Blossom and Bud begins in Mr. Baxter’s flower shop. Blossom is a long-stemmed sunflower ashamed of her height and Bud is just that—a bud—who hasn’t blossomed yet and feels self-conscious about it. Mr. Baxter’s flower shop is full of gorgeous flowers of every imaginable shape, length, and hue, giving Blossom and Bud plenty of opportunities for negative self-comparison. The other flowers, which remind one of the Technicolor hecklers in Disney’s Alice in Wonderland, tease the two about their insecurities relentlessly.

What Blossom and Bud learn is that everyone, no matter their size or composition, has a place and a purpose unique to them and them alone.

At the end of the long day, Mr. Baxter goes home to rest up for what will be a big project starting the next morning. What our heroes don’t realize is that they will be central to this project. Mr. Baxter arrives in a joyful mood of rapturous anticipation, for a wedding is afoot! He pulls out a list of different flowers he needs, and there are two in particular that are especially important. He needs a long-stemmed flower to be the center of the bride’s bouquet and a bud (our Bud) to be the groom’s boutonnière. What Blossom and Bud learn is that everyone, no matter their size or composition, has a place and a purpose unique to them and them alone.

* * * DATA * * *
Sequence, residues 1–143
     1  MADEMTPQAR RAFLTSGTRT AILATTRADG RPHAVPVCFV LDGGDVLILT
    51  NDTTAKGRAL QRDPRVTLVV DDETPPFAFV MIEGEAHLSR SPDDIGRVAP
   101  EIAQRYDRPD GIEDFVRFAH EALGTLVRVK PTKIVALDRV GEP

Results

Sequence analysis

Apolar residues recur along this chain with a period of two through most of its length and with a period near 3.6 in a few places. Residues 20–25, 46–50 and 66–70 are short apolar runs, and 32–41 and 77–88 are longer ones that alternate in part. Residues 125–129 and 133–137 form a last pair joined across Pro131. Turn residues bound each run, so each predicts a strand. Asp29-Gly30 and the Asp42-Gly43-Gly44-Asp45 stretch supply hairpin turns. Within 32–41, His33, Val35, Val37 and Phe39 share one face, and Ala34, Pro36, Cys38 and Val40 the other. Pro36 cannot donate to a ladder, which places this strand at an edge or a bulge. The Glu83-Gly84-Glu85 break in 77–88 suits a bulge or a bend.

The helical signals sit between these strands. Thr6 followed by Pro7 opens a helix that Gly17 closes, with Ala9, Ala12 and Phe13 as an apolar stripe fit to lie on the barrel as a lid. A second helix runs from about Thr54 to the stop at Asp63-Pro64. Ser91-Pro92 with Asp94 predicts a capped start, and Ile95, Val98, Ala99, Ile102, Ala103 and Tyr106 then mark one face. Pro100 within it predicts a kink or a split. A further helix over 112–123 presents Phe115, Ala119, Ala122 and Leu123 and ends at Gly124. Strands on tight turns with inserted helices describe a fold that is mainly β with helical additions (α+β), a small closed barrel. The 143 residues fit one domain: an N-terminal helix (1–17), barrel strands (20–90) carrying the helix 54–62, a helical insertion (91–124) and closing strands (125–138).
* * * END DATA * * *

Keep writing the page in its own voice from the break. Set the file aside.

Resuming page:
Dr. Sileo’s lovely tale, beautifully illustrated by Brittany E. Lakin, is sure to delight and inspire children of all ages to accept themselves for who and what they are, and to celebrate their differences with pride.

Blossom and Bud was released by Magination Press, the children’s book imprint of the American Psychological Association, on April 13th, 2021 and is available to purchase wherever books are sold.

Dr. Frank J. Sileo, PhD, is the Founder and Executive Director of The Center for Psychological Enhancement, LLC in Ridgewood, New Jersey. In addition to Blossom and Bud, Dr. Sileo is the author of twelve other books, eleven of which are children’s picture books exploring topics related to children’s growth and development. You can read more about him and his work on his website.

Brittany E. Lakin is an award-winning children’s illustrator based in the United Kingdom. She is represented by Plum Pudding Illustration and has done work for Firefly Press, Magination Press, and Worthy Kids, among others. You can read more about her and her work on her website.

Thanks as always for being a faithful reader of The Voracious Bibliophile. If you like what you see, please like, comment, follow, and subscribe to my email list to get notified of new posts as soon as they drop. You can also email me at fred.slusher@thevoraciousbibliophile.com or catch me on Twitter, Instagram, TikTok, and Pinterest @voraciousbiblog. Keep reading the world, one page (or pixel) at a time.

All Aboard the ARC: Squad by Maggie Tokuda-Hall (Author) and Lisa Sterle (Illustrator)